Information and service needs for young adult cancer patients
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Young adulthood is a time of increased vulnerability to stress and presents young adult cancer patients and off-treatment survivors with major developmental challenges above and beyond those faced by their peers. The intent of this study was to examine supportive care needs and preferences among young adult cancer patients.
Two hundred and seventeen young adults aged 18–40 years and diagnosed with cancer between the ages of 15–35 completed an online survey. Adapted from prior research on young adult survivors of childhood cancer, questions assessed the extent to which subjects had utilized various information and supportive care services and/or expressed a desire to use those services either now or in the past.
While young adult patients demonstrate a high demand for information and assistance regarding diet and nutrition, exercise, fertility options, complementary and alternative services and assistance with health insurance, 40–50% of patients report that these needs are unmet. More than 50% of respondents who indicated a need or desire for camp programs and retreats, counseling or guidance related to sexuality, counseling for family members, infertility treatment and adoption services, transportation assistance, child care and alcohol or drug abuse counseling also indicated that these needs were unmet. Younger respondents (18–29 years olds) were significantly more likely to indicate unmet needs for the supportive care services assessed here.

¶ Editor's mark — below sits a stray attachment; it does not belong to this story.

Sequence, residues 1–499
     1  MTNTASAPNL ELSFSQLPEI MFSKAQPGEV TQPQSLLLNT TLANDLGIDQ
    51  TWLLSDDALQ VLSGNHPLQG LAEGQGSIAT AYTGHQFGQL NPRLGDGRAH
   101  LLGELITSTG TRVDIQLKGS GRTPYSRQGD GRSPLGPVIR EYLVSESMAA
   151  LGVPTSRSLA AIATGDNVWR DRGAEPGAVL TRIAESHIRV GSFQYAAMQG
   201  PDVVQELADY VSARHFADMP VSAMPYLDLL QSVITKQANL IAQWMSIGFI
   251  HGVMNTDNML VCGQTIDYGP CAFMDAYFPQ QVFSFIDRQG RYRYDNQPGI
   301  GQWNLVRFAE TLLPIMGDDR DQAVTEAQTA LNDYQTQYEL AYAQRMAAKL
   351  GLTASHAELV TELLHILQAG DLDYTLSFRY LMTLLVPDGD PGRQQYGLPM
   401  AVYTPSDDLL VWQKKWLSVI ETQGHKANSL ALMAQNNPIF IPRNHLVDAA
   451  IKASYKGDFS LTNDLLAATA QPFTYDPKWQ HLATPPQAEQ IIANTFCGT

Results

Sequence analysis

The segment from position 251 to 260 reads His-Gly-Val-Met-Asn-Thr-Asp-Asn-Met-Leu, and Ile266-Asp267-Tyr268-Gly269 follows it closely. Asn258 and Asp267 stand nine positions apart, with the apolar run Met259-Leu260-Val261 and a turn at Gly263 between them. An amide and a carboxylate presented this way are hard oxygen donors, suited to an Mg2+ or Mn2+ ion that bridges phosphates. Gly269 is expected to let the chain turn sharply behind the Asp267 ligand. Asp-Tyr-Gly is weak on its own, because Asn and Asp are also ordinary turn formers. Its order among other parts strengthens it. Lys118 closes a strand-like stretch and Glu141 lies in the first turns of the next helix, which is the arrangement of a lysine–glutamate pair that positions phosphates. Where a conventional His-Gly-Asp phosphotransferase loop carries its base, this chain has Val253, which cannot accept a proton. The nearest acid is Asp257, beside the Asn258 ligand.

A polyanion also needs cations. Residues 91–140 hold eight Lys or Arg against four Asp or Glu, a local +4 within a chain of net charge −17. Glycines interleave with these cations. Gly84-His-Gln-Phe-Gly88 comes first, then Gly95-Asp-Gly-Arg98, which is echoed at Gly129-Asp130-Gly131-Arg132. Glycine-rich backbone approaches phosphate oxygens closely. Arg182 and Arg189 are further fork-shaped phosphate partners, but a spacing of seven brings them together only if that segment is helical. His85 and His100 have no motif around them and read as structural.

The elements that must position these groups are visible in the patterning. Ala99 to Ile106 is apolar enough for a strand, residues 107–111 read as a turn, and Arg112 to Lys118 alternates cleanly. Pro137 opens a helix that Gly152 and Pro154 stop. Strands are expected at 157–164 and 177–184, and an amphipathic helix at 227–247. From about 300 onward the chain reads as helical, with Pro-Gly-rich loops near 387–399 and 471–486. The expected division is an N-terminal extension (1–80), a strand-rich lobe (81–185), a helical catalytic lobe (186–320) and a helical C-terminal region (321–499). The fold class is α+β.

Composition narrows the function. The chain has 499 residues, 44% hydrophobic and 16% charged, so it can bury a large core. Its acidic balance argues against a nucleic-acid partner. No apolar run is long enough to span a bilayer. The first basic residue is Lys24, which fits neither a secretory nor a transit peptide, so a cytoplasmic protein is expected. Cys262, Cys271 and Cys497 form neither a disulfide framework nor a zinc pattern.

Findings serve as recommendations as to when and to whom to target delivery of supportive care services.
KeywordsYoung adult Needs assessment Cancer Psychosocial Support services
Thank you to the Lymphoma Research Foundation (LRF) for their financial support, and to LRF staff members Ms Jennifer Mills, MSW and Ms Tammy Weitzmann, MSW for their contributions of time and effort to this work. Furthermore, the success of this project is also due to the efforts of Ms Jodi Sax, Dr Karen Albritton, MD, Dr Stuart Kaplan, MD, and the staff members of numerous cancer support organizations that directed respondents to the online survey. Finally, I would like to express appreciation to the 1,500 young adults who completed the online survey, and recognize the many “young adults” over the age of 39 who did not qualify for this study but wrote to us and expressed the need for research into how cancer has affected their lives as well.
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